Get the teams involved, it’s all well and good if management is onboard and willing to allocate sufficient resources towards the cause but we’re discussing a culture of experimentation here, that means that everybody needs to be involved, living and breathing experimentation, this is beyond anything your company will have undertaken before. You will only find success if your employees embrace the experimentation, to do this they need to be enabled and incentivised to do so; do this by educating them early, from the moment they are brought into the fold they should be taught how you work and feel driven and able to contribute to the cultural demand. Utilising every ounce of input from every employee of a company allows for a modernised drive towards excellence.


Embrace failure and unknowns. By developing into an experimentation-based culture you must be ready and willing to accept that failure is in fact an option. Once you abolish any cognitive overhead within your company on the matter you will find that teams begin to work freely of indecision and anxiety, by doing this you’re essentially optimising your optimisation. Alongside failure is unknowns, unknowns come hand in hand with experimentation and testing, without an unknown you wouldn’t be testing for an answer. In embracing unknowns, you allow yourself and others not to fear the answer or stress about finding the “right” answer because in the end the analytics will provide you with the answer, make the best test you can to get those analytics and accept them with certainty as the data trumps opinions.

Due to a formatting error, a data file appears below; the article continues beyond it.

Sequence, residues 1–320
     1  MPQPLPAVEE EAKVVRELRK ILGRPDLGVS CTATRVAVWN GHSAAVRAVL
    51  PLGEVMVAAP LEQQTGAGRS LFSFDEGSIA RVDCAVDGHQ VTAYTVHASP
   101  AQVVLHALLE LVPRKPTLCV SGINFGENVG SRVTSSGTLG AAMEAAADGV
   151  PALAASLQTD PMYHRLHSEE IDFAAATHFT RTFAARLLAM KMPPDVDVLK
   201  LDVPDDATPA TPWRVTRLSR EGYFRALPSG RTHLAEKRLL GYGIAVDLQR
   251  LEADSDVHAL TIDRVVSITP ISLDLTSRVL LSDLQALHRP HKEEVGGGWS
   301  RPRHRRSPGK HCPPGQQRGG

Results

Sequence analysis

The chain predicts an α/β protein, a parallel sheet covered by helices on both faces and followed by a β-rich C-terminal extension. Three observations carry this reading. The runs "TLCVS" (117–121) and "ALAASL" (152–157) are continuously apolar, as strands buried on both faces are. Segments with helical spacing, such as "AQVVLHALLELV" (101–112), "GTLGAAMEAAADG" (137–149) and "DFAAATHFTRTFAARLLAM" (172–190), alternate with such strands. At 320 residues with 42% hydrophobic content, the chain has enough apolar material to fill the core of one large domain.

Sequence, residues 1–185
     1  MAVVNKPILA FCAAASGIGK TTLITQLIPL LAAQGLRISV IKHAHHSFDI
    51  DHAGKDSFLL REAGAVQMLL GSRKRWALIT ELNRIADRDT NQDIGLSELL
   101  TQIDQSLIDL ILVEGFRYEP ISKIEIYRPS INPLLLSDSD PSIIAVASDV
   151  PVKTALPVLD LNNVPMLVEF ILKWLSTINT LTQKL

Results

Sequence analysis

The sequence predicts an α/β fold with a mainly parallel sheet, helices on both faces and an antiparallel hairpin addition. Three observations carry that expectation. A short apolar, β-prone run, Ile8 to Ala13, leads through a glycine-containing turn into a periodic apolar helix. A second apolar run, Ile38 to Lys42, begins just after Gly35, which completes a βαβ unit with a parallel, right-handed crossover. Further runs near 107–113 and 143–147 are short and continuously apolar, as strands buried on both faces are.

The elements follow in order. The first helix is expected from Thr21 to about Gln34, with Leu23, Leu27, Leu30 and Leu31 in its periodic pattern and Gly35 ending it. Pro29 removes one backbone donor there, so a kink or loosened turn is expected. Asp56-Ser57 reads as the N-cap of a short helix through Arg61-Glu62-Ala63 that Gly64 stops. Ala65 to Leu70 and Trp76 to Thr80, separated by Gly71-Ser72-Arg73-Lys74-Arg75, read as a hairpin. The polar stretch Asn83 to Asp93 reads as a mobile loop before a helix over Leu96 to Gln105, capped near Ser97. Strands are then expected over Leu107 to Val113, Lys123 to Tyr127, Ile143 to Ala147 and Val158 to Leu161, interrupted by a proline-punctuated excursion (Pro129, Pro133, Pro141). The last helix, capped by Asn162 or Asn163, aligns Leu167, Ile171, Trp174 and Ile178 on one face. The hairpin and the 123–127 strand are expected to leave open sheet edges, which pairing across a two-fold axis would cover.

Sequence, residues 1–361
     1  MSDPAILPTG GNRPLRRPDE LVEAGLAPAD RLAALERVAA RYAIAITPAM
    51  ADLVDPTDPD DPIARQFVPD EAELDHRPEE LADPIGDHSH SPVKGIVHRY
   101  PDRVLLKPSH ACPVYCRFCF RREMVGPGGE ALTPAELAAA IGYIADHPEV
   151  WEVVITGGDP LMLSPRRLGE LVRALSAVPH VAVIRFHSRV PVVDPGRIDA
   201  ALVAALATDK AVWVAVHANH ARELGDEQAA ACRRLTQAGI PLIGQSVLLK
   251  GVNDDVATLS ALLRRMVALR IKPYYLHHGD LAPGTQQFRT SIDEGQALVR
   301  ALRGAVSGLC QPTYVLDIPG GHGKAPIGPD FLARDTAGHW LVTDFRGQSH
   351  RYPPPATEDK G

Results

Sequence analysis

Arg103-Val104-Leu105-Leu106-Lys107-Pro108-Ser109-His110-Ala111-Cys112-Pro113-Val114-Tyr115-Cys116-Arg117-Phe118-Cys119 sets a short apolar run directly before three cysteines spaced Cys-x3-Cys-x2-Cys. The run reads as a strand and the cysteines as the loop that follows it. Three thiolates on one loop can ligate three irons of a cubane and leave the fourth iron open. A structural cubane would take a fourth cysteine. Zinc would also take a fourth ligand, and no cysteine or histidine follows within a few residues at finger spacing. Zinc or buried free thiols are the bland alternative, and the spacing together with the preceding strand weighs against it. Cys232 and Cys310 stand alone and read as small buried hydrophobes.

Tools, tools, and more tools. Ensuring you have the right set of tools at hand is important to create a culture of experimentation. The type of tools you need will vary dependent on your organisation and the purpose you need them for. The main thing to look for in tools is this, “Are they simple?” and “Can they be centralised?”. It’s important that the same tools are used by everybody and that all testing information, results included, end up in one central database. By having this decentralised culture of experimentation, you need a central system to foster accountability and trust between co-workers and employees. Tools are rarely the major obstacle for this kind of developmental leap forward, when it comes to CRO there’s been so many iterations and changes in tools and technology over the years, the main hang up for this is often an issue with shared behaviours, beliefs and values.


Be driven by data. Data is everything, without solid data you have no real indicators of success or failure. The same can be said before you begin running any test in the first place, without prerequisite analytics you have no baseline to compare against. Having all this data in a central system will allow for collaboration and avoids wasted resources, there’s nothing worse than designing and carrying out a test that has either already been done or shares qualities with another resulting in repeated findings. By having well organised accessible data you promote trust in one another and nurtures productivity by avoiding wastage.